Blood compatibility testing is conducted in a medical laboratory to identify potential incompatibilities between blood types in blood transfusion. It is also used to diagnose and prevent some complications of pregnancy that can occur when the baby has a different blood group from the mother. Blood compatibility testing includes blood typing, which detects the antigens on red blood cells that determine a person's blood type; testing for unexpected antibodies against blood group antigens ; and, in the case of blood transfusions, mixing the recipient's plasma with the donor's red blood cells to detect incompatibilities (crossmatching). Routine blood typing involves determining the ABO and RhD type, and involves both identification of ABO antigens on red blood cells and identification of ABO antibodies in the plasma. Other blood group antigens may be tested for in specific clinical situations.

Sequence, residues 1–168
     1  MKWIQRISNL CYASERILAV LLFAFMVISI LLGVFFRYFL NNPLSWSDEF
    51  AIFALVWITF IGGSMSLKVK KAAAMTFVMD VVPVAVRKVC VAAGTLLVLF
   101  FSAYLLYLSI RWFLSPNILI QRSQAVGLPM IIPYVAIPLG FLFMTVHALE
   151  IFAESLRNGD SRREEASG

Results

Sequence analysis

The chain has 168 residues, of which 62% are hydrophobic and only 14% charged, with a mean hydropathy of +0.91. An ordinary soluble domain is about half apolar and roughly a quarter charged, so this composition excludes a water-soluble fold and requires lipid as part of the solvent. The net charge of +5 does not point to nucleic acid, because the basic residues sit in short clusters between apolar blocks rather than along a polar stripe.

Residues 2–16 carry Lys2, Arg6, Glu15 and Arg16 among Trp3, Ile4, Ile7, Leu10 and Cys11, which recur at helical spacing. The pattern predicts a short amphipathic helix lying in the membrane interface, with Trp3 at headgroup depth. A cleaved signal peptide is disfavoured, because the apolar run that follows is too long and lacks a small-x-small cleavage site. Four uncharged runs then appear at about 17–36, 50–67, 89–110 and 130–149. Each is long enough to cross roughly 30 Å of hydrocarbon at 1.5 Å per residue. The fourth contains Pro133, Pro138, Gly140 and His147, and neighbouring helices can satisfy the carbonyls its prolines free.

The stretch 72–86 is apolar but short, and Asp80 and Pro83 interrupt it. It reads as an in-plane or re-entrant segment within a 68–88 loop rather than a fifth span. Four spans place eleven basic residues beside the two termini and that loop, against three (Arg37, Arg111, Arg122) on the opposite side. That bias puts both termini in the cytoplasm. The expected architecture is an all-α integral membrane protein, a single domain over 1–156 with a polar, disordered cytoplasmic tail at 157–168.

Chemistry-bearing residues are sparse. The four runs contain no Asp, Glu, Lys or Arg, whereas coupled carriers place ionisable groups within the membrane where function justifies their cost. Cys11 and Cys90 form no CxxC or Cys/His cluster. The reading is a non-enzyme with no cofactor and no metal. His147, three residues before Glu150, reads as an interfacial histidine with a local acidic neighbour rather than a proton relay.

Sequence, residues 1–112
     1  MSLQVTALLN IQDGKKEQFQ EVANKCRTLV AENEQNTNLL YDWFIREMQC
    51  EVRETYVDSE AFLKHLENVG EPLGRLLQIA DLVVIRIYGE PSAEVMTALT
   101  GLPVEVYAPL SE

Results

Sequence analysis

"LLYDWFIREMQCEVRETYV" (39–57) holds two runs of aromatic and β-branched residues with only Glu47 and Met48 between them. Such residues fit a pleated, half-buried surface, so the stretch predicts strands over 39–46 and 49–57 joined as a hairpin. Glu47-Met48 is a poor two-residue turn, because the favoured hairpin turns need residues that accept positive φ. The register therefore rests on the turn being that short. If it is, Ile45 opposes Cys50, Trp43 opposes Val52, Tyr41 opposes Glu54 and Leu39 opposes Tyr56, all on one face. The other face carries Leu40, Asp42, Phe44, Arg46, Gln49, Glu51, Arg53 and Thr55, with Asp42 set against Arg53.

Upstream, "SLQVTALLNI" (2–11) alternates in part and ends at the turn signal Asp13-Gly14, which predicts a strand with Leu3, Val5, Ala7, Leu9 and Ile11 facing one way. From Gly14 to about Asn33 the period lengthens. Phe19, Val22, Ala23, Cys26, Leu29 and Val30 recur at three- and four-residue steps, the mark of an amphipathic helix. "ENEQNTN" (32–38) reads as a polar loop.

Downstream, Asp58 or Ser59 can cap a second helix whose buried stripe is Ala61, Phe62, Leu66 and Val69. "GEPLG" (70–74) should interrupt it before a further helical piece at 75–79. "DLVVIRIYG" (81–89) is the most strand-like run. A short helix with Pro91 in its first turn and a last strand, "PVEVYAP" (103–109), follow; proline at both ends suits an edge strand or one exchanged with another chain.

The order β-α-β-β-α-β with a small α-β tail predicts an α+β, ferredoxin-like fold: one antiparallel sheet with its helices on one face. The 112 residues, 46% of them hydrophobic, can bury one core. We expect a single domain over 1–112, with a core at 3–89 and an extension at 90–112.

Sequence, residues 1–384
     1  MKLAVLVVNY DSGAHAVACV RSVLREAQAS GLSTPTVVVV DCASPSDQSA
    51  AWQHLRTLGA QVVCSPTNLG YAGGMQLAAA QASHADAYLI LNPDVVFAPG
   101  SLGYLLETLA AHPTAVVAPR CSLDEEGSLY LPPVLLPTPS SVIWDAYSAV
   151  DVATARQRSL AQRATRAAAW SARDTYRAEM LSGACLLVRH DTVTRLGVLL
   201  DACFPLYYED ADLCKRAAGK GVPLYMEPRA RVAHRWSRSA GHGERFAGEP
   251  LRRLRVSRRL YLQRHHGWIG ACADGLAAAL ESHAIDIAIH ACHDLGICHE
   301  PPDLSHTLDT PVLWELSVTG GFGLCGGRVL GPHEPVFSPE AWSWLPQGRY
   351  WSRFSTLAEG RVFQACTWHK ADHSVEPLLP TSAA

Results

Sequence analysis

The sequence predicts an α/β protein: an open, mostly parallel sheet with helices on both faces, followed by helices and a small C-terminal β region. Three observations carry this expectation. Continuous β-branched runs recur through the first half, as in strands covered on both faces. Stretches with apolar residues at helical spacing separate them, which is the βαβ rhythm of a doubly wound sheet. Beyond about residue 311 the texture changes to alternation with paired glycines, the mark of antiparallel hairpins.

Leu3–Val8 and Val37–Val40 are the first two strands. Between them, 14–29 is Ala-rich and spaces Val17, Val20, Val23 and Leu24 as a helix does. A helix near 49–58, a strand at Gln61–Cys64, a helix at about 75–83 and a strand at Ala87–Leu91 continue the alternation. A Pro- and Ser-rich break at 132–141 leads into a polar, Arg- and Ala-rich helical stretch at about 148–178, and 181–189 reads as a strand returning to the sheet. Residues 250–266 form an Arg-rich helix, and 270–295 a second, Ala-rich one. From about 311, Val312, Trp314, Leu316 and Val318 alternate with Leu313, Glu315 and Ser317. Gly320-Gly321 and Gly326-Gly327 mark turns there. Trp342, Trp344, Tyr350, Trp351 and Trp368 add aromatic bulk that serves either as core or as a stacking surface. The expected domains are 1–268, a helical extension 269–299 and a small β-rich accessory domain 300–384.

COVID-19 testing Diagnostic testing for SARS-CoV-2 virus infection

COVID-19 testing involves analyzing samples to assess the current or past presence of SARS-CoV-2. The two main branches detect either the presence of the virus or of antibodies produced in response to infection. Molecular tests for viral presence through its molecular components are used to diagnose individual cases and to allow public health authorities to trace and contain outbreaks. Antibody tests instead show whether someone once had the disease. They are less useful for diagnosing current infections because antibodies may not develop for weeks after infection. It is used to assess disease prevalence, which aids the estimation of the infection fatality rate.

Immunity passport Medical record for travel purposes

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Abingdon Health is a British manufacturer of lateral flow assay diagnostic tests, sometimes called rapid tests, lateral flow immunoassays (LFIA), lateral flow tests (LFT) or quick tests. Since its formation in 2008, Abingdon Health has grown to become an organisation of over 200 people and has developed and manufactured lateral flow rapid tests across multiple industries.